Francis Berger said...

My experience is similar when I reread the Fourth Gospel. Your highlighting of the cosmic aspect of Jesus' message and offer cannot be stressed enough. Jesus changed reality in a cosmic sense, yet too many are unopen the new possibilities and new realities.

A recent comment over at my place questions the very relevance of the question of how to get to Heaven when it set against the backdrop of more "pressing" matters like society and demography.

Post-resurrection reality ought to shape our current goals and behaviours, but it seems post-resurrection reality is regarded as a kind of hindrance to "pre-resurrection, this-worldly" reality. It gets in the way of all the worldly things we need to do and accomplish in mortal life, etc.

The afterlife as afterthought appears to be the essence of what constitutes contemporary Christianity. Resurrected life as a giant hypothetical, as opposed to the very "real" reality of this life and this-world. I can't think of anything more un-Christian, perhaps even anti-Christian.

As a side note, the bulk of the Synoptics has done little more than cloud or confuse the simplicity, force, and beauty of the Fourth Gospel.

Bruce Charlton said...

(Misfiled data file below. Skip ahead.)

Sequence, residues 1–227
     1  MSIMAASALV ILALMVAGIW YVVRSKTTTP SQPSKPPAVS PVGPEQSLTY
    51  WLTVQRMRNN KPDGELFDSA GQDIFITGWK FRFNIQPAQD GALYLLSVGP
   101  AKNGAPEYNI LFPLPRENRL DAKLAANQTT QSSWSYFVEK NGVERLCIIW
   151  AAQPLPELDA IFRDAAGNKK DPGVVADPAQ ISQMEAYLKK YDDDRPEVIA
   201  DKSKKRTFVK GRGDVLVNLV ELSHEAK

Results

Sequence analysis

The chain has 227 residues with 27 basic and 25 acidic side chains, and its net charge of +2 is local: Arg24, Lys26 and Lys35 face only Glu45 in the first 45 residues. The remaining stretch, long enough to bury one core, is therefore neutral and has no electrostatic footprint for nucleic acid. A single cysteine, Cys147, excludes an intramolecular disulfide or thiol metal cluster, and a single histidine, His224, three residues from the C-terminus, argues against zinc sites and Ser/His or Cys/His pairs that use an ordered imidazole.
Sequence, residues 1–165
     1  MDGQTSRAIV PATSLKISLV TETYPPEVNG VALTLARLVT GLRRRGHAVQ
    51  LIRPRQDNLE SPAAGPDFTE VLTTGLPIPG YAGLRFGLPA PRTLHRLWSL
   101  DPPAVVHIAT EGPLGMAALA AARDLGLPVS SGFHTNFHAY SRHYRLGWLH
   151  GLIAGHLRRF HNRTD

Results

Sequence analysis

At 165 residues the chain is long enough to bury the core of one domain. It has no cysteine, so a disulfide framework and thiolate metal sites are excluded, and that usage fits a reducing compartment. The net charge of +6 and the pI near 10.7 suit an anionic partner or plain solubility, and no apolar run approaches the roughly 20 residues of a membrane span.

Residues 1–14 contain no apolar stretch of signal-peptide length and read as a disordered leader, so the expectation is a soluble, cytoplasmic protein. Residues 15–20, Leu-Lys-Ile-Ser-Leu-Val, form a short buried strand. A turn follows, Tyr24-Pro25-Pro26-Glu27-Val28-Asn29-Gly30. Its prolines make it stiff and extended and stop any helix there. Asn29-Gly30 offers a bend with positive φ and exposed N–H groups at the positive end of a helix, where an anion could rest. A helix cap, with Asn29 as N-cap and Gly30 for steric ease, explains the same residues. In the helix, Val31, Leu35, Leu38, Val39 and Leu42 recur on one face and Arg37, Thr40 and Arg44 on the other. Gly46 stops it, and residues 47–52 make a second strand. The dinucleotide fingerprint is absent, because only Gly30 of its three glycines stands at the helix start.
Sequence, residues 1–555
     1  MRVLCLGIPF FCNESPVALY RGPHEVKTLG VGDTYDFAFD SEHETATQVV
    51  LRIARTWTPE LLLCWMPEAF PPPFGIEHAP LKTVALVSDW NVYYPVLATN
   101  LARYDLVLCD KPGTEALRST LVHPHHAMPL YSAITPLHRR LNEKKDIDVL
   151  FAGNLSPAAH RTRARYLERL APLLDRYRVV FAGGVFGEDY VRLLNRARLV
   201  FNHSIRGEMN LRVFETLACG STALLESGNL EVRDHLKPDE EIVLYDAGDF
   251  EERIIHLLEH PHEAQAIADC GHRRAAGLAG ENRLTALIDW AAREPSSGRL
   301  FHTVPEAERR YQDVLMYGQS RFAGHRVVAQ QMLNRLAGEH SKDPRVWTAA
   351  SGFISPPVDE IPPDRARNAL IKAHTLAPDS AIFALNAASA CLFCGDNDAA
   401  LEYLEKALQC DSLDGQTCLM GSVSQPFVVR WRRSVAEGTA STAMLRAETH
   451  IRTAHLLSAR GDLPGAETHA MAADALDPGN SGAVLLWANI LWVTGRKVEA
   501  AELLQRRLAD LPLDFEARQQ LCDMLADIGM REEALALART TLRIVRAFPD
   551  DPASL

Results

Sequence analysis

@Frank - What I find absolutely remarkable, is that all this is plain to see when the Fourth Gospel is read as a unit. But it seems that "nobody" has read it this way - either ever, or for a very long time.

This was my point at the start of Lazarus Writes. People who read the Fourth Gospel today (and for centuries) do so through very distorting spectacles; through a variety of historical, scriptural and theological assumptions that - at the end of the day - utterly *neuter* the meaning and implications of the Gospel...

After all this, the Fourth Gospel becomes merely decorative - almost disposible in substantive terms; just an illustration of ideas derived from the Synoptics, the Epistles - and a framework derived from extra-scriptural philosophy.

A said...

I had in childhood the profound notion that the Truth of God should be knowable and simple, and readily available whatever one's situation. It never went farther than that though, but this appears a fulfillment of that desire. The simplicity of a loving relationship, which all should have the most basic experience of through being born, and further knowledge communicable through the Holy Ghost.

If for this to be possible, to listen and know through prayer, silence, and intuition we also see the worldly impetus to overwhelm our sensory input. Endless games, visual, audio, reading - as never before access to every form of external knowledge yet apparently dumber than ever.

Epimetheus said...

That the relationship between myself and Christ should be a friendship, or even could be a friendship, even a brotherly friendship, hasn't ever clicked until reading your article just now. My relationship in prayer has always been slavish pleading to an indifferent master.

Bruce Charlton said...

@Epi - John 15 covers this aspect in some detail.